China has substantially increased imports of semiconductor equipment from the US over the past few months, a recent industry analysis showed, sparking speculations that China was "hoarding" the crucial equipment amid the US' crackdown and a global shortage.
Chinese industry sources said that the trend reflects expansion in the domestic chip manufacturing sector and that such an expansion in fab capacity is not only happening in China but around the world.
Exports of US semiconductor equipment to China from January to May stood at $2.196 billion, a 55 percent increase from the same period last year, according to ET News' analysis of "USA Trade Online" on Sunday.
On a quarterly basis, the figure also rose. In the first quarter of this year, US semiconductor equipment exports to China amounted to $1.271 billion, up about 20 percent quarter-on-quarter, according to the analysis.
The report said that China's semiconductor equipment purchases are rising sharply, "which is interpreted as a move to buy at least one more set of equipment before US pressure intensifies," and due to China's "hoarding," the supply and demand situation for equipment that is already difficult to obtain will "deteriorate."
"We didn't see any 'hoarding' of chip equipment," a source at a Wuhan-based chip company told the Global Times on Sunday, noting that there are more Chinese companies moving into the area with support by the central government, which could generate new demand.
Most major Chinese internet giants have also announced forays into the chip sector over the past year or even earlier.
Last week, new postings for chip development jobs on the official website of Tencent sparked speculation that the Chinese tech giant was ready to venture into the core technology. Tencent's foray means that all three giants in China's digital economy - Baidu, Alibaba and Tencent, known as BAT - are now involved in the business.
In the global market, internet giants including Google, Amazon and Facebook have also made similar moves to develop in-house chips.
If there's truly an increase in chip equipment imports, it's mainly due to surging chip manufacturing amid a global shortage, Fu Liang, a veteran industry analyst, told the Global Times on Wednesday, adding that not only Chinese chipmakers but also industry players around the world are expanding.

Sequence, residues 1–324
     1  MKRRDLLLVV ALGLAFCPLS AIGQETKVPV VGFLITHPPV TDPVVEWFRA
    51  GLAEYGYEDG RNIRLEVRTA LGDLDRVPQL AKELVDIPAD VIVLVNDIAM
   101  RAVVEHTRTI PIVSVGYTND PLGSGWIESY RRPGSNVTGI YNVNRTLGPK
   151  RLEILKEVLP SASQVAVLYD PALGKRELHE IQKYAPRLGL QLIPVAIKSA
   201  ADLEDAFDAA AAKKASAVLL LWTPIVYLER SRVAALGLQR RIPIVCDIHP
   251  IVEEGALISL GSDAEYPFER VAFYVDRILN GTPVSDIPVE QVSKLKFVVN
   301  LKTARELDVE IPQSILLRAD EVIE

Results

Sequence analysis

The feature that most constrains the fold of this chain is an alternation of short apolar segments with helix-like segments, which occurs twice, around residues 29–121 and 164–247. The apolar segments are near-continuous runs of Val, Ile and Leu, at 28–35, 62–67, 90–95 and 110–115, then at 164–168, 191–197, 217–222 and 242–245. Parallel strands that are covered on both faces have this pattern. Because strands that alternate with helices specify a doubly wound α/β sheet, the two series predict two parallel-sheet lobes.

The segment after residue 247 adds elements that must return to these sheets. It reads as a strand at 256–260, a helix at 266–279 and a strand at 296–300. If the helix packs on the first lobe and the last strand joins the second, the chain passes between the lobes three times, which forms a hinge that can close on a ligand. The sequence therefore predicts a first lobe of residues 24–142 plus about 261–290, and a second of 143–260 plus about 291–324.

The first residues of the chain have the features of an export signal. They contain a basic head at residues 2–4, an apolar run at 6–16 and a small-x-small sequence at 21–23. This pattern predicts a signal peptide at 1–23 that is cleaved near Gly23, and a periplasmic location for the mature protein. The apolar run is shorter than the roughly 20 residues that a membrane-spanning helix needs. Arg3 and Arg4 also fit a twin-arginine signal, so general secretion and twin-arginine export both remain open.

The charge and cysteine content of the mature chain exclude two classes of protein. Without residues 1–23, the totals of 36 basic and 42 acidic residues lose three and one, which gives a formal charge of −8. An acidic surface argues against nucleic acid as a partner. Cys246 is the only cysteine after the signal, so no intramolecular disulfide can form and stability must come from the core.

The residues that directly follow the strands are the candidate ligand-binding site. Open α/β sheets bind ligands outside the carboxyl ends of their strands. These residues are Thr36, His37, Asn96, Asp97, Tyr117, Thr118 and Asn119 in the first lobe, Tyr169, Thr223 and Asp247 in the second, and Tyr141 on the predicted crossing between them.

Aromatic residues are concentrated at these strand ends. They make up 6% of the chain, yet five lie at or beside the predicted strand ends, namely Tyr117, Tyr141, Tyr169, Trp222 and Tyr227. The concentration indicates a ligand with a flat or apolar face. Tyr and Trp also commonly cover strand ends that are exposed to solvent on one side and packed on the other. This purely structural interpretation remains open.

Industry observers refuted media reports saying some industry players, including those in South Korea, have been influenced by China's "sweeping move" in the industry, which may further lead to global equipment shortages.
ET News cited SK Hynix, which said that it will move up some of its investment for next year into the second half of this year because of the prolonged equipment delivery period and concerns about supply-demand imbalances.
However, an industry source told the Global Times on Wednesday that "such a comment doesn't imply that SK Hynix is having difficulties in the procurement of semiconductor equipment."
"The fact is that SK Hynix is executing the accelerated capex for installing equipment for recently established new fab facilities, meaning that such capex was based on our original plan, in general," said the source.
"Due to current market conditions, with equipment demand rising globally, such accelerated capex is actually quite common among major players in the industry," the source said.
Analysts also said as a major manufacturing base, it's common for China to see increased purchases of chip-related devices to cope with shortages.
In May, China's output of integrated circuits (IC) reached a single-month high as the country pulled out all stops to produce chips amid a severe global shortage, according to official data.
China's IC output in May surged 37.6 per cent from a year earlier to 29.9 billion units, National Bureau of Statistics data showed.